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Re: Faunal list (Was Re: Selective Extinction)
Jonathon Woolf wrote:
> Chris Campbell wrote:
> > Jonathon Woolf wrote:
> > <Snip>
> > > And one more factor that needs to be considered: in the Permian,
> > > Triassic, and Cretaceous extinctions, among land vertebrates there was a
> > > metabolic pattern to the survivors. 100% ectotherms like lizards and
> > > crocs survived, though greatly diminished. Highly endothermic animals
> > > like mammals and birds survived, again with heavy losses. Animals with
> > > in-between metabolisms, like dinosaurs and dicynodont therapsids, got
> > > the chop. Again, that seems to be consistent with some sort of massive
> > > climatic disruption. Not a disruption of food supply -- endotherms need
> > > more food than ectotherms -- but to something else. And it had to be
> > > global in its effects, because the extinctions are global.
> > One small point here (well, a rather large one, actually): who says the
> > extinctions were global? We always hear that and say it, but as Donald
> > Archibald points out in his article on the subject in the Padian/Currie
> > encyclopedia we don't know that. He mentions that out of 26 KT sites
> > around the world some 26 are from the Western Interior of North
> > America. That's a really bad sample there; in fact, I'd say that and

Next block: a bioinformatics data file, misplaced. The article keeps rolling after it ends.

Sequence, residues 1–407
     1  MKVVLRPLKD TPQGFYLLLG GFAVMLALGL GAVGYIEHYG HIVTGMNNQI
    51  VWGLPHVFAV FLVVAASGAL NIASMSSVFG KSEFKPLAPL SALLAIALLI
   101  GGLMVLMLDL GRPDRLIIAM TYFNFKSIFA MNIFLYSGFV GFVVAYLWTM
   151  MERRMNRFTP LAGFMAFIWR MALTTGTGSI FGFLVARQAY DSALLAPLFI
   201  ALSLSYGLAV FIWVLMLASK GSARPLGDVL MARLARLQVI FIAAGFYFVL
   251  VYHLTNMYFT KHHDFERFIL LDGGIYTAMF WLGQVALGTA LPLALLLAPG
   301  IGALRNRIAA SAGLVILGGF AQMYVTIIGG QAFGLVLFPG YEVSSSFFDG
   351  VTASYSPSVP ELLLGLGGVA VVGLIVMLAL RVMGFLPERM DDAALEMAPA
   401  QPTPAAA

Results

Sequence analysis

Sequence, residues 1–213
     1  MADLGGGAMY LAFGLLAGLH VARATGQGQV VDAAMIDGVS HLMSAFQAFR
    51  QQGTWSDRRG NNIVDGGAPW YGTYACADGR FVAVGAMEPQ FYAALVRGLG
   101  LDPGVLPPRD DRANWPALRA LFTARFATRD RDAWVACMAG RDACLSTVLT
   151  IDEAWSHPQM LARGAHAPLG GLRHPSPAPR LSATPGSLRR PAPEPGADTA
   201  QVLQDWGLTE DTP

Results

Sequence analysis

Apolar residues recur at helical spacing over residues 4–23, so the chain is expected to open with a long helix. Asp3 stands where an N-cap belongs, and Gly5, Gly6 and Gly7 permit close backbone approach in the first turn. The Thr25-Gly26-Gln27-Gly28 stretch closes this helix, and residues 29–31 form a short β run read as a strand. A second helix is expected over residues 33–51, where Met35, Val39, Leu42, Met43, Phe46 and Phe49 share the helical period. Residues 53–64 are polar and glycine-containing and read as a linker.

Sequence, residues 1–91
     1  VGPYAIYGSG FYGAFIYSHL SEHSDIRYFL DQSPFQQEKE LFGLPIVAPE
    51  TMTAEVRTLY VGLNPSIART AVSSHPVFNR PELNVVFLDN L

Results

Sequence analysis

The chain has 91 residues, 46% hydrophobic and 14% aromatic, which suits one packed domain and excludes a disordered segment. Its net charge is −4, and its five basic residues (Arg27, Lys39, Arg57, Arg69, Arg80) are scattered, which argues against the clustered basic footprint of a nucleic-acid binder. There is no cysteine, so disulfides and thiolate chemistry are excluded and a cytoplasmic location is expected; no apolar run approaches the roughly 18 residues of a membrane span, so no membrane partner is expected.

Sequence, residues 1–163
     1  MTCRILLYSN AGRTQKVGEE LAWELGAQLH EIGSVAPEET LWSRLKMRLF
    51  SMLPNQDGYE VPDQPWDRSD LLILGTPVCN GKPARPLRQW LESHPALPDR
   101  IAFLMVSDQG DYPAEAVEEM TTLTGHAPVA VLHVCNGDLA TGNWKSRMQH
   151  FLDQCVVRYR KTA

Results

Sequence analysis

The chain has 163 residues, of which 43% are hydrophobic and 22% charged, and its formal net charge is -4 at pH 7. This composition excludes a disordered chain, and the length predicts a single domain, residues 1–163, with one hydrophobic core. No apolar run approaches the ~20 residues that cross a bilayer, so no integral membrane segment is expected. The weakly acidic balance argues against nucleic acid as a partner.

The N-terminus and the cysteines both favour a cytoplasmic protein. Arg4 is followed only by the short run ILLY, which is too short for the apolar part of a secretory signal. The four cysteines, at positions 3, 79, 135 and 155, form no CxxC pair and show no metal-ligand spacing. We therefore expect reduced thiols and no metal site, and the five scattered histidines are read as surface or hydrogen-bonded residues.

> > conclusions dealing with any sort of simultaneous extinction event are
> > pretty suspect based on the lack of data globally. We don't know
> > extinctions were global or simulatneous, and this seems to be one of the
> > most common errors made in extinction theories.
> Maybe the majority of _land vertebrate_ sites are Western North America,
> but it's by no means true that all K-T sites are WNA.
That was a typo on my part; it should have read that 20 out of 26 sites
are in WNA.
> There are known
> K-T strata in India -- the Deccan Traps. There are known K-T strata in
> Mongolia -- Keith Rigby claimed Paleocene dinosaurs from Mongolia a few
> years ago. There are plenty of marine K-T strata all along the Western
> European coast -- Peter Ward has studied extinction patterns in
> ammonites extensively in those European marine beds. There's even some
> good K-T strata in upland Italy -- remember that Alvarez first found the
> famous iridium anomaly in clay samples from near Gubbio, Italy.
Right, but we need to look at consistency. We can't say dinos went
extinct globally at the same time if we don't have KT sites with
terrestrial verts around the globe. Marine sites don't count unless
you're looking at marine critters.
> > > Matter a'fact, it occurs to me that some sort of "reverse El Nino," a
> > > massive cooling of tropical waters, could have precisely those sorts of
> > > effects.
> > And, interestingly, this is entirely consistent with the regression
> > theory and entirely inconsistent with the impact theory (which would
> > presumably result in boiled/superheated waters). It also accounts for
> > the froggies and sharks, who are the real buggers for the impact
> > theory.
> Which is one reason I have strong doubts about the
> apocalyptic-asteroid-impact theory.
Same here. Dinos got nailed by a siege, not one little gun.